“That would be ‘Director Shepard’ when it’s regarding work, Officer David. And the expression is ‘an early day of it.’ But by whose authority did you leave your duty station?”
After an even longer pause, Ziva replied, “Our team lead left for the day, and we saw no need to remain.” The obvious scorn when Tony was mentioned set Jenny’s teeth on edge.
“Senior Supervisory Agent DiNozzo is taking care of the tasks his supervisor assigned him. I expect seasoned operatives such as yourself and Agent McGee to be able to work for an afternoon without direct supervision.” She paused meaningfully, but when nothing was forthcoming, she asked, “Were all of your tasks completed before you left the office without authorization?”
“I will admit I still have tasks to perform,” Ziva said frankly.
“I’d like you in my office in fifteen minutes.” With that, she hung up the phone then quickly dialed McGee’s number.
“Agent McGee,” he answered promptly.
“Agent McGee, this is Director Shepard. Why are you not at your desk?” she asked tersely. There was no particular bond with McGee she had to tap dance around. She didn’t plan to let her bond with Ziva affect the outcome of the situation but the subtext was always there. With McGee, the situation was much more straightforward.
“Ah… Well, um… Ma’am, we, uh, decided to leave for the day. You know, after Tony did,” he stammered out eventually.
“I see. And was your work completed when you left?”
“No, ma’am. It, uh, I still have to finish my last case report.”
She had a very strong suspicion that he needed to do a lot more than that. Barely ten percent of the SFA paperwork had McGee’s name on it for the last ten weeks, and tomorrow was month end. “Tell me, what is your probie doing, Agent McGee?”
“What? I don’t- I assume she went home.”
“No, Agent, she’s at her desk working,” Jenny snapped. “What is she working on?”
“I don’t know, ma’am,” he eventually admitted.
“You, the Senior Field Agent, left a probationary agent to work alone and you don’t even know what she’s working on?”
“I don’t, well I mean, that’s really Tony’s job. Isn’t it?” The last was delivered uncertainly as if he wasn’t certain what his own duties were.
“Be in my office in fifteen minutes, Agent McGee.” She hung up and immediately called Cynthia. “Send in Agent Lee. Let me know when McGee and David show up but have them wait.”
The door closed, and she looked up at the nervous young woman who was obviously trying not to wring her hands and standing as close to the door as she could. “Have a seat, Agent Lee,” she said, directing the probationary agent to the chair in front of her desk.
She came around the desk and sat in the seat next to her, angling it to face the anxious woman so their discussion would be more casual. “First, I want to let you know that you are not in any sort of trouble, but there are going to be some changes on the team. I wanted to talk to you personally and let you know that you are going to be reassigned effective Monday.”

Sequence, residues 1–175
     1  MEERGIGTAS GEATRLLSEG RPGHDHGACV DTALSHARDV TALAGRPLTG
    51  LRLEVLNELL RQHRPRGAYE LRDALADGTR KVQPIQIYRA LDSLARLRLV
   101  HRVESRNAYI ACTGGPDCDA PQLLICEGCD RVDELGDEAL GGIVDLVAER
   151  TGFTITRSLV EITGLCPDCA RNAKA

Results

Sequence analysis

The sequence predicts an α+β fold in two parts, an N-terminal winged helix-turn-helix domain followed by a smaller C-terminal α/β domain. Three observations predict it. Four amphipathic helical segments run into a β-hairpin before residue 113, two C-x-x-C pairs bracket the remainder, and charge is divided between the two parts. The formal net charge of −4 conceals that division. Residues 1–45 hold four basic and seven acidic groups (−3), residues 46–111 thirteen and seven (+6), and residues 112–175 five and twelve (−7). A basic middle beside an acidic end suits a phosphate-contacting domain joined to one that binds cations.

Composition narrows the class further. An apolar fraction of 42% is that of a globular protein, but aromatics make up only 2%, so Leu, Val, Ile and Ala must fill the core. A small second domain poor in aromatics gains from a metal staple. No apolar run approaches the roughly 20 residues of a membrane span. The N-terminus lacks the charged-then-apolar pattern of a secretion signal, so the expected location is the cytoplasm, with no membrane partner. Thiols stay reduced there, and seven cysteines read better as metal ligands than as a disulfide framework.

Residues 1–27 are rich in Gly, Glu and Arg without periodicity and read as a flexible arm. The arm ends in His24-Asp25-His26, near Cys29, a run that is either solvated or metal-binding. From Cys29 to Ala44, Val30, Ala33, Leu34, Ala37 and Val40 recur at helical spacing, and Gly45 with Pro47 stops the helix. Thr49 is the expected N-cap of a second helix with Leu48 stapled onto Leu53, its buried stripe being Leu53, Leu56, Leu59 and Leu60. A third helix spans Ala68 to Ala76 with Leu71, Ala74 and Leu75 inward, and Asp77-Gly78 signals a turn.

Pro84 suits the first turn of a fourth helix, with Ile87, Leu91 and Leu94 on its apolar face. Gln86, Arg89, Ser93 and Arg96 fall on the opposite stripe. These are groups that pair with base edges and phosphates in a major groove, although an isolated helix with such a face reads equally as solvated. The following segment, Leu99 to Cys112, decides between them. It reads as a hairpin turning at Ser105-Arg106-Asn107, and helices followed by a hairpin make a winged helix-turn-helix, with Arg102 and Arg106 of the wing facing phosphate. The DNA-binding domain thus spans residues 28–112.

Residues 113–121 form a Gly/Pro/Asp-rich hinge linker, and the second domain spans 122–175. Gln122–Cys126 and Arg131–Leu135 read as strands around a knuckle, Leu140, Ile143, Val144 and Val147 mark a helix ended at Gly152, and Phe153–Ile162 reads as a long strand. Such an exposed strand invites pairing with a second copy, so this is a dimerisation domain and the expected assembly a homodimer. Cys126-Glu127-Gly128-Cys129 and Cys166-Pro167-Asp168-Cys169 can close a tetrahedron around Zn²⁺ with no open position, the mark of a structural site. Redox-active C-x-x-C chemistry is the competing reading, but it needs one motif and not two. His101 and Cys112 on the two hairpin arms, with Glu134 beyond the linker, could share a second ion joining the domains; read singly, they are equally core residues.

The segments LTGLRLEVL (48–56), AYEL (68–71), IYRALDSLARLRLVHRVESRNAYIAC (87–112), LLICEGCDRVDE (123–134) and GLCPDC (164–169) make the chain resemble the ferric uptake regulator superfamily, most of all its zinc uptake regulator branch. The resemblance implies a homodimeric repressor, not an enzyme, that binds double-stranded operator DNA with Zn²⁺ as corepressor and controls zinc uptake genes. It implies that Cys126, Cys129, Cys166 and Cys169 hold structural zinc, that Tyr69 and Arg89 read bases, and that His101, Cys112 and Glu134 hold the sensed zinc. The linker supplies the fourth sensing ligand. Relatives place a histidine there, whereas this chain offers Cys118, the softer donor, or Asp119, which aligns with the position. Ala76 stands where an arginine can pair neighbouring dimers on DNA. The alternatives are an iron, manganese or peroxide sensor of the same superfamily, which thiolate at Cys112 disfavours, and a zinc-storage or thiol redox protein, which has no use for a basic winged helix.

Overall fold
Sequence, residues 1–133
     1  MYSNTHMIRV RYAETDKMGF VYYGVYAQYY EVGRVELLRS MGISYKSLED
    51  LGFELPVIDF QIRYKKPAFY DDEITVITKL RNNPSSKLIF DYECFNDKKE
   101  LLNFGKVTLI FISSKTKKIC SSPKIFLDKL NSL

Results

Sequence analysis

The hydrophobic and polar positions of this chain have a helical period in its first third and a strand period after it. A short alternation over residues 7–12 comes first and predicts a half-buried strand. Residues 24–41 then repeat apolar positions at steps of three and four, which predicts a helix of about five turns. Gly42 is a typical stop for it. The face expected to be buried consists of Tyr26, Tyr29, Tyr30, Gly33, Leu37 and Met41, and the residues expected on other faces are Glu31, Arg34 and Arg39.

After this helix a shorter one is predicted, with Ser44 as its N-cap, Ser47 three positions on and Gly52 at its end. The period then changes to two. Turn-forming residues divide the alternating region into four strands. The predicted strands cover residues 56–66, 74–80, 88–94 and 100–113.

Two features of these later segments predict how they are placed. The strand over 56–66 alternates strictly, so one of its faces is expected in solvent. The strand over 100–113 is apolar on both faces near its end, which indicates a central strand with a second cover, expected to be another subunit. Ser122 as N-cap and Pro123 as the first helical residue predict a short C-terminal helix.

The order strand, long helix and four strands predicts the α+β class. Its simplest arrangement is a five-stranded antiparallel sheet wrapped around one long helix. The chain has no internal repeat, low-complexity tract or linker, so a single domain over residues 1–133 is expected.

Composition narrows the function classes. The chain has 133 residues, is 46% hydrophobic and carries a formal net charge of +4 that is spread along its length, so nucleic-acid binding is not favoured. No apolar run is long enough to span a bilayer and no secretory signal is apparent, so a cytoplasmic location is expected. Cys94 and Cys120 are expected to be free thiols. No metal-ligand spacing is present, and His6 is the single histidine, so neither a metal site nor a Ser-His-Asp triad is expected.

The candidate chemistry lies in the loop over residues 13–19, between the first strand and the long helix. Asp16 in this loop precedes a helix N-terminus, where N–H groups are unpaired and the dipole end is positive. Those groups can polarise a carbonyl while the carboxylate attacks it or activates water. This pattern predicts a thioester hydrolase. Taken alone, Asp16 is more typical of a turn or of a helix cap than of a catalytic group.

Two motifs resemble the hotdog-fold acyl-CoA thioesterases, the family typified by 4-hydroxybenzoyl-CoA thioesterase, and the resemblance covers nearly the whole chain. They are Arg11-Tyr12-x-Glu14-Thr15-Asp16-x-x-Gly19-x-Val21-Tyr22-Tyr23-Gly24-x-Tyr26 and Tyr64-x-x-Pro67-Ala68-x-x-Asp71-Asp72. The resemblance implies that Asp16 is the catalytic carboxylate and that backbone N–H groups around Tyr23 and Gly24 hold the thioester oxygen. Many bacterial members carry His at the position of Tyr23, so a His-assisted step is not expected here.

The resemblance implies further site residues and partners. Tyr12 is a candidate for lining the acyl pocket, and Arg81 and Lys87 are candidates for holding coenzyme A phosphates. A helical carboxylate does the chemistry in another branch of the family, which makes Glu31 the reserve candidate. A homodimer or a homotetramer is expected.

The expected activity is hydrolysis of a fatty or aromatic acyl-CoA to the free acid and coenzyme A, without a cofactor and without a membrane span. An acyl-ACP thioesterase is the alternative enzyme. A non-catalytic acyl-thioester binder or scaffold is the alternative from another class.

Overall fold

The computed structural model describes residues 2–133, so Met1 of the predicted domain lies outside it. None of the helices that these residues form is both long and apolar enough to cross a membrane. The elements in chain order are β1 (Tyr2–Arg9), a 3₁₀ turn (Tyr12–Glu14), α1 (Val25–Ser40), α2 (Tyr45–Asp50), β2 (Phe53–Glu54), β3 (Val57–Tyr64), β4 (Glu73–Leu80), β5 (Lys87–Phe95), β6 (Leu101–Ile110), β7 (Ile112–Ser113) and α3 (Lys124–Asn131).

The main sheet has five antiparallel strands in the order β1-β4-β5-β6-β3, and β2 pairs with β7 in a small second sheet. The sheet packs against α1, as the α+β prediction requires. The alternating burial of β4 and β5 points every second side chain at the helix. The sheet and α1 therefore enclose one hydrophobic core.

“Oh.” She looked a little hesitant. “Is Tony, I mean, Agent DiNozzo not happy with me?”
“Actually, Tony is very pleased with your performance, but he feels that you aren’t getting the development you need with the current team. We both feel there’s a better fit for you. I can’t say any more about it now, but it will all be clear on Monday.”
Lee looked a little brighter at knowing that Tony wasn’t unhappy with her, and she relaxed a bit. “Yes, Director.”
“Now, are you caught up on your case work?” Jenny prompted.
“Yes. I filed my report this morning, and Tony had already sent back the corrections needed; I made them immediately. I scanned my training notes into my probationary file and was continuing to work on my crime scene sketches. I pulled several of Agent DiNozzo’s old sketches to compare, and I can definitely see what he means about the importance of stationary reference points. I mean, his measurements always match up when cross checked.”
She smiled as she let the probationary agent babble a bit about everything she’d learned before gently interjecting. “Well, then, it sounds like you’re completely caught up on your work. I’d like you to take the rest of the day today and all day tomorrow as personal time; you’ve done good work for us, and you should take the opportunity for a breather before the new position starts. Clear out your desk and check with facilities before you leave. Please do it while I’m talking to the other members of your team. When you arrive on Monday, your belongings will be at your new desk, and you’ll be instructed where to report. Security will know where to send you.”
“This building, Director?”
“Yes, this building.” She noticed that Lee looked relieved at not being sent out of DC—not that Jenny would send an agent to another geography with one day’s notice. “Now, I’d like to hear your impressions of your time on the MCRT. What was good about it as a training experience, and what do you think could have been improved?”
Lee suddenly looked like a deer caught in the headlights.
“Agent Lee, I assure you, there’s nothing that has happened down there that I don’t already know about. I’m not asking you to blow the whistle on your colleagues. Just tell me what went well in your field training and what could have been better.”
After about twenty minutes, Jenny had all the information she felt she needed. Moving Michelle Lee to Tony’s new team was the right thing for now. Although, she wondered if the woman would be able to tolerate field work long-term, particularly the type of field work of the FSVU.